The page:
For about half a mile, Crazy Horse Canyon Road puts you to work with a climb at grades reaching up to 8%. This is one of the tougher stretches of the ride but, with only 200 feet of elevation to be gained on this climb, it's not enough of an excuse for complaint. Meanwhile, Crazy Horse Canyon Road is one of the more heavily used roads on the ride route, not least because it crosses over Highway 101 at a busy interchange. So, this is one of the stretches of the ride where you should anticipate more traffic. On the other side of 101, the road continues on as Echo Valley Road in a noticeably more residential setting. Other than one sharp but much shorter climb near the beginning of this stretch, much of your mileage on the quiet Echo Valley Road will consist of a progressively flattening descent.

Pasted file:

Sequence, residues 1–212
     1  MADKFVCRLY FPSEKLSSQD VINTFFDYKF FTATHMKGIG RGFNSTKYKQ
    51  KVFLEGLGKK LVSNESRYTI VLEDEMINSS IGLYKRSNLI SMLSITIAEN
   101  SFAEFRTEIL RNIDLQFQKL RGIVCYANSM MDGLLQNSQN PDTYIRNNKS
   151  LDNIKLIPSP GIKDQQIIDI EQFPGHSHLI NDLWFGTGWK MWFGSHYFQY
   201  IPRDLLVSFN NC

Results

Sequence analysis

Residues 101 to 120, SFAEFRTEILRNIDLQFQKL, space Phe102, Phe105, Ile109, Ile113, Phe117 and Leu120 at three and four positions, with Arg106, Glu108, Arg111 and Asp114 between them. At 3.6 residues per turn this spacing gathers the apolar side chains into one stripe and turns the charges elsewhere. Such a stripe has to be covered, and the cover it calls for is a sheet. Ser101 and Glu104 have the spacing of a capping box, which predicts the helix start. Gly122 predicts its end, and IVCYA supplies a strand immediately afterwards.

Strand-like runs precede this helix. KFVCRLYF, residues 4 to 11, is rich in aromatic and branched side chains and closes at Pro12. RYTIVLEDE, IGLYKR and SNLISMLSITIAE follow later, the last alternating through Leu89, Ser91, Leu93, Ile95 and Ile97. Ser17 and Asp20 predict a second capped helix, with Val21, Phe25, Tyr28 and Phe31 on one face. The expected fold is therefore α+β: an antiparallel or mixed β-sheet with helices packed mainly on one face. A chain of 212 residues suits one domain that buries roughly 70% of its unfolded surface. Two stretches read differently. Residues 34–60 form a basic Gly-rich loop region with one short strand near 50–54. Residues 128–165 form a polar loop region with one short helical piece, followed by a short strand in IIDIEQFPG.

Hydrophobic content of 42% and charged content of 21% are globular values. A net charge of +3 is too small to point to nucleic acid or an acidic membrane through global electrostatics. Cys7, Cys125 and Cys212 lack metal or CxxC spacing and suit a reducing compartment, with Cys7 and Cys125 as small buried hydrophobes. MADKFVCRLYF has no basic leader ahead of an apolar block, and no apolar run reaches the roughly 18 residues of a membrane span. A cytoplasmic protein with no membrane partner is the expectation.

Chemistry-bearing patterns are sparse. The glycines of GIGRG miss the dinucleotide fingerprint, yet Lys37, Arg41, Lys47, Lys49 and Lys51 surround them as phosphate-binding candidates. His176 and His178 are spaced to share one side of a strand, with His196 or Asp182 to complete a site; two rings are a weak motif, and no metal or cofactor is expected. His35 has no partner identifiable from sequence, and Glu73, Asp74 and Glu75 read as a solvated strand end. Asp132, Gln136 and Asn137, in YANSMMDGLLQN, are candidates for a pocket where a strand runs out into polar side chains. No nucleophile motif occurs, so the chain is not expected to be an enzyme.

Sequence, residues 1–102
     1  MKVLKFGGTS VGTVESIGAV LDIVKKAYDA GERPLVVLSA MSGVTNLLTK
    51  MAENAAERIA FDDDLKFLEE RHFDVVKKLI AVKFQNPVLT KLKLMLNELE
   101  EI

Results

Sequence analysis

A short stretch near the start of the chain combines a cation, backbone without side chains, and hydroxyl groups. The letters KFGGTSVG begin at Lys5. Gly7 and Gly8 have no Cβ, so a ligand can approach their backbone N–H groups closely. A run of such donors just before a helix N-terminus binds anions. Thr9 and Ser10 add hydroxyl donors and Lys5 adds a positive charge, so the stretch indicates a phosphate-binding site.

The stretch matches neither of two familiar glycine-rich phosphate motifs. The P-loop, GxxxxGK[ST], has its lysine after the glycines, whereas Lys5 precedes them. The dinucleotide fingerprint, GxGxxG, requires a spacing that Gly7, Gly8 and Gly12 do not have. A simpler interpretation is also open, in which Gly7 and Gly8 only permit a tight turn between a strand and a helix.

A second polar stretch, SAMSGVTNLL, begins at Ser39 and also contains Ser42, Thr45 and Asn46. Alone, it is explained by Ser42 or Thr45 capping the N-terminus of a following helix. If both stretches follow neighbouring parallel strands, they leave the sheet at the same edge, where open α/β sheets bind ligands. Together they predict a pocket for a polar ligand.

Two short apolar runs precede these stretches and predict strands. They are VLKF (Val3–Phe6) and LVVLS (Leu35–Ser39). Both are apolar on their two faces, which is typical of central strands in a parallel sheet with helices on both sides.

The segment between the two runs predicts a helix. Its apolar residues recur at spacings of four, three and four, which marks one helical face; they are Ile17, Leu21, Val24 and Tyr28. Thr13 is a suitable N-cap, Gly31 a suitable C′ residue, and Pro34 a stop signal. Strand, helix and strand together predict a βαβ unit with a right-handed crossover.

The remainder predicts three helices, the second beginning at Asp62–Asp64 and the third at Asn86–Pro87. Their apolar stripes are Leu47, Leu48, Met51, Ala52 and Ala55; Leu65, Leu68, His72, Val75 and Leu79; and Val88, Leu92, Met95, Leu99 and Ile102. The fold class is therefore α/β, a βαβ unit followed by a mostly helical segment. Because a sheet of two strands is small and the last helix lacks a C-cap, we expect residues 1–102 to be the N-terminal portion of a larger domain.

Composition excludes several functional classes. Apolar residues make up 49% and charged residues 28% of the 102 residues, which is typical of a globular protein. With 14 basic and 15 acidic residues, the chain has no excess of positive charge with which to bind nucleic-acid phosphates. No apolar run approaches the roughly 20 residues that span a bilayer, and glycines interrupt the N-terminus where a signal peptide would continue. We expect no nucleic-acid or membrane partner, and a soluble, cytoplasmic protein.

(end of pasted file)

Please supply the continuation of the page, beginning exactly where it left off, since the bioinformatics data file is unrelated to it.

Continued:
Not counting a momentary connection on San Miguel Canyon Road, Paradise Road is the road segment that follows Echo Valley Road. Similar to Echo Valley, Paradise Road also starts out with a sharp climb, and a longer and slowly slackening descent. However, the climb on Paradise Road is more memorable than that of Echo Valley Road. Its steepest part is right near its beginning, starting around 12 or 13 percent grade and slackening back to 9 or 10 percent by the end of this short but memorable, quarter-mile effort. As you are descending in the semi-residential setting of Paradise Road, one turn you'll need to take is easy to miss. You'll need to look out for the junction with Walker Valley Road, which you'll use as a connector Elkhorn Road.